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story.lead_photo.caption Borat Sagdiyev’s make-believe 15-year-old daughter Tutar (24-year-old Maria Bakalova) and real-life babysitter Jeanise Jones star in “Borat Subsequent Moviefilm.”

In 2006, Sacha Baron Cohen's fictional Kazakh journalist Borat Sagdiyev embarrassed himself and several unsuspecting Yanks on the big screen. Fourteen years on, it's tempting to wonder if the British comic's crass and occasionally subversive pranks are still funny and occasionally revealing.

Sadly, the real world is still full of racism, sexism and other "isms" worthy of mockery. Worse, the casual anti-Semitism Baron Cohen unearthed on "Da Ali G Show" and in the previous movie have become more troublingly open in the years that have passed.

In the new film, "Borat Subsequent Moviefilm," Borat (Baron Cohen) is paying a dear price for his previous journalism. Apparently, Kazakhs were embarrassed by his unflattering swimsuit, his toilet habits and his pursuit of Pamela Anderson.

He's now breaking rocks in a gulag because he has shamed his entire country. (I've met someone from Kazakhstan through my day job as a technical writer, and the folks there look, sound and act nothing like Borat, so he may be getting what he deserves.)

With the ascent of Donald Trump, however, the State seems to have found a new use for the former pariah. Eager to impress the President the way Putin has, they send Borat to the States to escort the Kazakh Minister of Culture as a bribe for Vice President Mike Pence.

Perhaps I should mention that this esteemed official from the former Soviet Socialist Republic is a chimp.

Through a mix-up similar to the ones Borat had in the previous film, he winds up accompanying his teenage daughter Tutar (Bulgarian actor Maria Bakalova) across the nation as he shows up at a variety of places he probably shouldn't be.

The two invade a MAGA rally, a synagogue and an interview with former Big Apple mayor Rudy Giuliani, with funny and occasionally stomach-churning results.

If you think that appearing in a children's movie like Martin Scorsese's "Hugo" or Aaron Sorkin's drama "The Trial of the Chicago 7" might have refined Baron Cohen's taste or softened the bile of his humor, you'd be wrong.

While Borat's lack of embarrassment about his hram (you don't want to know that that means) are still a source of the joke, the stuff that makes his satire worth catching is the stuff Baron Cohen or director Jason Woliner ("The Last Man on Earth") can't control.

For example, when the Sagdiyevs visit a crisis pregnancy center, the proprietor is more interested in preserving Tutar's non-existent pregnancy than with dealing with the possibility that her father might have molested her.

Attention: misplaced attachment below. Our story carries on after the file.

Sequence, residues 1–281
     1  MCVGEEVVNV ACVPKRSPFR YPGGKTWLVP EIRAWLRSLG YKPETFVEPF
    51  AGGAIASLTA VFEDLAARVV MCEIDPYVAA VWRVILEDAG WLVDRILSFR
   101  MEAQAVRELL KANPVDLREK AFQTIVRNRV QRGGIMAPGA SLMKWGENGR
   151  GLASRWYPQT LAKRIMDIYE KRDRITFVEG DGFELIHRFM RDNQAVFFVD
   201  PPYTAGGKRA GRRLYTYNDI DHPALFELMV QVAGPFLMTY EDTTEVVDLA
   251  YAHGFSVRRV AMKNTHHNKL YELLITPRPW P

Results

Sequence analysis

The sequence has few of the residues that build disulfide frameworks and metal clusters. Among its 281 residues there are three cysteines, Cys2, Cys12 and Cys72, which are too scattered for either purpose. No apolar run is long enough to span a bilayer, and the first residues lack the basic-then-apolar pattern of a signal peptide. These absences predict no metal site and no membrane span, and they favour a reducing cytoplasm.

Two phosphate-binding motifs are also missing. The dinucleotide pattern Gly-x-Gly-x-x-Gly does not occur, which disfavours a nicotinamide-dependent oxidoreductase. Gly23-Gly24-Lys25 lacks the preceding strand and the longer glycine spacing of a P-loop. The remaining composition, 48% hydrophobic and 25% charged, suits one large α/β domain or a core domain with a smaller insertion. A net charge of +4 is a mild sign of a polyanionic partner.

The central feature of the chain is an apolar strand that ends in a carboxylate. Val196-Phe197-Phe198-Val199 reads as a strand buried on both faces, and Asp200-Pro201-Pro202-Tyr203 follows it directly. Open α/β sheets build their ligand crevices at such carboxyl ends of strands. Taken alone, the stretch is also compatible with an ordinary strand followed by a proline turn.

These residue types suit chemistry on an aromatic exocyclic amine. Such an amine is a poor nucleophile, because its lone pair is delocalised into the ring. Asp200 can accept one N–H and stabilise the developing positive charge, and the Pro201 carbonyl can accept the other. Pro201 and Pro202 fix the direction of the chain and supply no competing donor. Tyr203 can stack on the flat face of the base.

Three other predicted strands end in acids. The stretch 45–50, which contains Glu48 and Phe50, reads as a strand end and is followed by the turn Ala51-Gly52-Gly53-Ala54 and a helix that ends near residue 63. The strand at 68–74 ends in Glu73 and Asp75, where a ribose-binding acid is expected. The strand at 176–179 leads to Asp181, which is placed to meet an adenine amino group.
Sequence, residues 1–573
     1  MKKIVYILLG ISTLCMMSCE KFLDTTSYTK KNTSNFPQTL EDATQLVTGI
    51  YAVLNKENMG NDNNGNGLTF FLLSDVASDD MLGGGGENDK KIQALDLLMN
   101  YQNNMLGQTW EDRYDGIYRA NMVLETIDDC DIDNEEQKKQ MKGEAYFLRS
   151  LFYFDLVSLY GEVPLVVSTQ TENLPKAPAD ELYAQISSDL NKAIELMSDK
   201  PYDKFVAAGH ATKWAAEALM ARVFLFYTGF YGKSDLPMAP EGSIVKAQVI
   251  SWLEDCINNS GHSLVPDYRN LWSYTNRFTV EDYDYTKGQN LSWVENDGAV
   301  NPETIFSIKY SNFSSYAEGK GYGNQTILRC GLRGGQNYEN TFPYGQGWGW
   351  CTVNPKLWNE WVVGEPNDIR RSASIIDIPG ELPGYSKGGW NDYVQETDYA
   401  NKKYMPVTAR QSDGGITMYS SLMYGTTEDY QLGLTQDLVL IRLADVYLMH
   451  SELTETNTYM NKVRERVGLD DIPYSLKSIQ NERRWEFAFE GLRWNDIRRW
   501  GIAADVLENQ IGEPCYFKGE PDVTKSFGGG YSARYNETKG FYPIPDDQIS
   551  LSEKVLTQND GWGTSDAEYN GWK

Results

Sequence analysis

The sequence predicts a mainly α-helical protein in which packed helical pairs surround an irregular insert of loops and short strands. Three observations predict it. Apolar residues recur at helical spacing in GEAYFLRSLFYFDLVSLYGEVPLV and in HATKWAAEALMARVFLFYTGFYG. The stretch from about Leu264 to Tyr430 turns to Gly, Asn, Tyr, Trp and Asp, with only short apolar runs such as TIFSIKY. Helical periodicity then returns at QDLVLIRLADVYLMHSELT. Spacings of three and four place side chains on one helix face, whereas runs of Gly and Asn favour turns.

Later, Tutar questions Giuliani, who doesn't need much help in making a buffoon of himself. The moment where he reaches into his slacks is only part of an extended string of eye-rolling behavior. It's probably worse when he blames, without evidence, covid-19 on a lab.

As with his first mission, Borat has a knack for getting people to reveal anti-Semitism and other evils. There's a message on a cake that echoes the Charlottesville riots. In the time that has passed, however, Baron Cohen seems to have developed a heart, and the new film is better for it.

When Borat and Tutar take over a debutante ball the gag is more gross than amusing, but Borat has an innocence that makes his transgressive behavior and the ugliness of others easier to tolerate. As funny as it is to see him try to "sell" his offspring to Pence, who makes an unfortunate prediction about a certain contagion, it might be nice to live in a world where Borat doesn't have to remind us of our occasional failings.

When Borat shelters in place at the outbreak of everyone's least favorite virus, his kindly hosts are QAnon followers who think that Bill and Hillary Clinton suck children's adrenaline. But Borat's hosts later prove themselves to be anything but bigoted morons when they tell him that his "Kazakh" child-raising manual is sexist nonsense.

At a low point, he's also comforted by the late Judith Dim Evans, a Holocaust survivor who helps Borat lose his hatred of Jews and find a new purpose in his life. Dim Evans, whose website is referenced in the credits, clearly deserved to be in a movie. Borat's scene with her reminds us of how America can be a beacon for the rest of the world and why we should never forget it.

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‘Borat Subsequent Moviefilm: Delivery of Prodigious Bribe to American Regime for Make Benefit Once Glorious Nation of Kazakhstan’

82 Cast: Sacha Baron Cohen, Maria Bakalova, Mike Pence, Rudolph Giuliani, Irina Novak, Luenell

Director: Jason Woliner

Rating: R for pervasive strong crude and sexual content, graphic nudity, and language

Running time: 1 hour, 35 minutes

Streaming on Amazon Prime


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